After Rough Year, Clean Energy Jobs on the Upswing  in Michigan    

Michigan clean energy jobs declined in 2020’s pandemic-wracked economy, but the second half of the year showed significant recovery amid strong promise for the future.

Quick Facts

Clean Energy Jobs
Clean energy jobs declined for the first time in years, but the industry bounced back strongly in the second half of the year
Growth of jobs in alternative transportation, the state’s fastest-growing sector

Clean energy companies employed 113,456 Michiganders at the end of 2020, a 9.5 percent drop from 2019 and the first year-to-year decline since Clean Jobs Midwest began tracking Michigan clean energy jobs in 2017. But Michigan’s clean energy sector grew by 20.4 percent in the second half of the year, exceeding the state’s overall economy’s job growth rate in that period. Despite the industry’s overall decline, more than twice as many Michiganders worked in clean energy than the number of lawyers, accountants and auditors, web developers, and real estate agents combined.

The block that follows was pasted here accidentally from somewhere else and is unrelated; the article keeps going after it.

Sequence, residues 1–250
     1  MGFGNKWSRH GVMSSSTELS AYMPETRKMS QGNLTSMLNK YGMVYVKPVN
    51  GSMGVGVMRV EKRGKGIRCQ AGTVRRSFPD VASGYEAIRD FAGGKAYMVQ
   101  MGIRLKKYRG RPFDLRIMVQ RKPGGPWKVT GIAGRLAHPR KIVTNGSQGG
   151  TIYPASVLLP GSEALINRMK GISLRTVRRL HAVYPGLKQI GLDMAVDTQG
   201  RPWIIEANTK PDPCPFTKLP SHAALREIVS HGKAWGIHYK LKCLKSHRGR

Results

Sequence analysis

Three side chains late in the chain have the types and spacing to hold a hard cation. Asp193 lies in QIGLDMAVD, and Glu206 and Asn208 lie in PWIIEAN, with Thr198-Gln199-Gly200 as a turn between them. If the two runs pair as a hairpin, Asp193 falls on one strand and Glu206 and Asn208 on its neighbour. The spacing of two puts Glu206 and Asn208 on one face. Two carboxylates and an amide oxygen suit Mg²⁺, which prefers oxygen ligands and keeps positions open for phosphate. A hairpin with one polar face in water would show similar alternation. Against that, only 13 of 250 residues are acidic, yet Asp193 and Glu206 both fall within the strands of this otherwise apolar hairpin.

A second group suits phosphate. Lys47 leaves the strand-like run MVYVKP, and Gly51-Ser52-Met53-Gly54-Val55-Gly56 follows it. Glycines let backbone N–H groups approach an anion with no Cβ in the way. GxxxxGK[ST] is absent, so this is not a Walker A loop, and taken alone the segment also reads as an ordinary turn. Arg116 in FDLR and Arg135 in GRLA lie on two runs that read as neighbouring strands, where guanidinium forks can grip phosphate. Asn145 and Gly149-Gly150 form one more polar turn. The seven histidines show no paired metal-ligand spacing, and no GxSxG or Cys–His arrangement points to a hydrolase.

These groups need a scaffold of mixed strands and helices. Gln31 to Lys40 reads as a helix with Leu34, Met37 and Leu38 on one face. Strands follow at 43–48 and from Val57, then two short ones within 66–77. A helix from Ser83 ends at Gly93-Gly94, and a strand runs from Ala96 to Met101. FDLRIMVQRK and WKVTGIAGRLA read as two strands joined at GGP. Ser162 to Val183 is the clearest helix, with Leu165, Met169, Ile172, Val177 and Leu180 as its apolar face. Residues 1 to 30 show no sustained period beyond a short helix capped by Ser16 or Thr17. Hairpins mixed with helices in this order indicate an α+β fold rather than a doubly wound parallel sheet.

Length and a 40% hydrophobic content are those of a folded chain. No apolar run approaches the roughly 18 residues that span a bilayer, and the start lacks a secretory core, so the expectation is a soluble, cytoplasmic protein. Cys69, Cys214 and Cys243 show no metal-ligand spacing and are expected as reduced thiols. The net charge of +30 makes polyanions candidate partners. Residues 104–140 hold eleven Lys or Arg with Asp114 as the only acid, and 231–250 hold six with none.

Clean Energy Jobs in Michigan

While clean energy suffered like many sectors of the economy in 2020, the prospects for growth are greater than ever given the opportunity for bold climate action at the federal level, along with state leadership.   

The shift to a cleaner economy is creating major new opportunities for job seekers throughout the region—including in communities impacted by the ongoing decline of other parts of the energy sector such as coal, oil, and gas. It also promises to create consumer and business savings through energy efficiency and lower-cost renewable energy, which is especially impactful for low- and moderate-income communities, rural communities and communities of color, especially as the economy continues to recover.    

Jobs by Sector

The biggest part of Michigan’s clean energy sector is energy efficiency, accounting for more than 65 percent of the region’s clean energy jobs. But as more automakers and their suppliers continue to shift to electric vehicles, the advanced transportation sector saw a job increase of 1 percent for a total of 24,268 workers.